Cut Weapons, Not Education

| Tue Jan. 26, 2010 2:35 PM EST

A pillar of Obama's State of the Union address on Wednesday, we're learning, will be a three-year spending freeze in domestic areas like education, transportation, housing, national parks, and farm subsidies, among others. Reeling from Massachusetts Sen.-elect Scott Brown's victory last week and a growing disenchantment with his ambitious domestic agenda (health care, climate change, financial reform), Obama's move is no doubt intended to show he's tough on the deficit, and to allay fears among fellow Democrats staring down a potentially bleak November election season. Its political utility aside, the spending freeze, as it stands now, is a wrongheaded, ill-fated move—not only because it targets areas where more funding is needed, but it exempts the most pork-riddled, wasteful area of them all: defense spending.

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Filled with billion-dollar boondoggles and pie-in-the-sky projects (weaponized cyborg bugs, anyone?), if Obama wants to freeze—or even cut—government spending, the defense budget is the first place he should look. Administration officials say the three-year freeze will save $10 to $15 billion in the 2011 fiscal year and $250 billion over the next decade. By comparison, the new war budget Obama requested totaled a record $708 billion—for one fiscal year. Perhaps some of that total could be trimmed. Or the president could crack down on over-budget weapons programs, or "overruns," which as Mother Jones has reported last summer, alone add up to $296 billion. (Our total weapons commitments, overruns included, reach a staggering $1.6 trillion.)

While we're at it, here are a few other defense expenditures on which Obama could freeze spending:

  • F-35 Joint Strike Fighter: Washington officials are rushing these over budget, behind schedule, much maligned planes into production without even fully testing them—and at a cost of $299 billion;
  • C-17 cargo plane: For three years the Pentagon has said it doesn't need any more of these $250-million-apiece jumbo jets, yet the C-17 is a popular Congressional pet project and will almost certainly make it into the supplemental war spending bill; and
  • LPD-17 assault ships: These amphibious Naval ships—which could cost $1.76 billion each, $804 billion over budget, according to the GAO—were so shoddily built by contractor Northrop Grumman that they were "sidelined" earlier this month while inspectors rechecked every pipe weld on the 684-foot ship.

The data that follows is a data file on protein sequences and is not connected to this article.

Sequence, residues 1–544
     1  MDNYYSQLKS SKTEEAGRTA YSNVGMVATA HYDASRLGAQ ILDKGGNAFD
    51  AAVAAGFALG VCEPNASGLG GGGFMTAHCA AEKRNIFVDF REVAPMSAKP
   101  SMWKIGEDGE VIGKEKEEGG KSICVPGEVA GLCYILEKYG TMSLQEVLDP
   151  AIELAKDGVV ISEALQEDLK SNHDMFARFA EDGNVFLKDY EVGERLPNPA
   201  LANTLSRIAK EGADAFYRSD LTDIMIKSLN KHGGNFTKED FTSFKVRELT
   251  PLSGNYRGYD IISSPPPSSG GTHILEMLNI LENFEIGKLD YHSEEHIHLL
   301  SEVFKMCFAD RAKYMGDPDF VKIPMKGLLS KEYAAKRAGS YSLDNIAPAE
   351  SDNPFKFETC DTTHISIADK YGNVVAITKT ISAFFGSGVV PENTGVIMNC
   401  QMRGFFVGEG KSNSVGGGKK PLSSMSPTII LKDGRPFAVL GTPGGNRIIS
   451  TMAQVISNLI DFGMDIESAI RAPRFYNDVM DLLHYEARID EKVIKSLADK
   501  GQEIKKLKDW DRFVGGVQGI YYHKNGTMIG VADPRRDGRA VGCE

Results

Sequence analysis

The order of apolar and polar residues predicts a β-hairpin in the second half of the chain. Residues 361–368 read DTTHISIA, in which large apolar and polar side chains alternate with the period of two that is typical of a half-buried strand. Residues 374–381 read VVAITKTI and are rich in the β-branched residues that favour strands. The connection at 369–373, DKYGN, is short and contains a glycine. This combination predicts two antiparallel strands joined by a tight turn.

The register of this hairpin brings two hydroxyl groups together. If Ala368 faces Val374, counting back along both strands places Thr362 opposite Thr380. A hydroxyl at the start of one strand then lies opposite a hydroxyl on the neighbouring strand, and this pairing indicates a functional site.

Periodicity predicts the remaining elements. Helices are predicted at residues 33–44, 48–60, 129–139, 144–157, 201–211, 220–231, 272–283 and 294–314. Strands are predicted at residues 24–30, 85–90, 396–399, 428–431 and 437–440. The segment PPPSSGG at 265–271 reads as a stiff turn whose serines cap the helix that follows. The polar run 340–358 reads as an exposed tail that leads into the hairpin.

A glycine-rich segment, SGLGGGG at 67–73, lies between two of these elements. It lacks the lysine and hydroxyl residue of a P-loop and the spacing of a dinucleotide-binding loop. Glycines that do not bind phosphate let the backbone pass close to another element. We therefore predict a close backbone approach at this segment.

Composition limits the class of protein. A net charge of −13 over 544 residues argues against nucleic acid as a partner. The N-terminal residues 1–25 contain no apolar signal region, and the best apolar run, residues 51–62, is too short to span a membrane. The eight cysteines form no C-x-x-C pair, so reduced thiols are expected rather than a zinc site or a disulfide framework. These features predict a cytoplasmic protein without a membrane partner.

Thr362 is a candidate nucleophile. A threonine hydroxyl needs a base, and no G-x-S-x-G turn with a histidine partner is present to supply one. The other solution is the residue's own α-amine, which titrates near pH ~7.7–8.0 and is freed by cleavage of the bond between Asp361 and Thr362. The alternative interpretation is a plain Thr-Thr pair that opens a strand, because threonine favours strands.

That's to say nothing of the thousands of dollars in booze and snacks official military escorts bought US politicians on foreign trips, as the Wall Street Journal reported—a small but undoubtedly wasteful sum.

Yet Obama apparently has no plans to trim bloated defense spending, while pulling back in areas that need the money more than ever. For instance, many economists—among them White House economic adviser Christina Romer, Moody’s Economy.com chief economist Mark Zandi, and Princeton's Paul Krugman—say more stimulus is needed to ensure a vigorous recovery (and not the jobless one we’re seeing now); the new freeze, however, likely signals the end of any more stimulus funding. State governments need as much help as they can get, as two dozen face unemployment funds in red and worsening by the day. The housing crisis rolls on mostly unabated—the administration’s $75 billion flagship homeowner relief is a bust, and foreclosures set new records in 2009. And education—perpetually under the knife when budget cuts are made—should be the last place the president and his team look to squeeze out savings. While American K-12 students' achievement in the classroom continues to slip behind the rest of the world,  access to higher education disappears owed to fewer class offerings, higher tuition costs, and layoffs on campuses nationwide among faculties and staffs.

All of which is to say, before slashing already anemic domestic budgets, Obama should look hard at the billion-dollar planes and busted battleships weighing down our defense budget. With this spending freeze, Obama clearly wants to hone his tough-on-the-deficit image, but he'll do more harm than good with the cuts he's envisioning right now.

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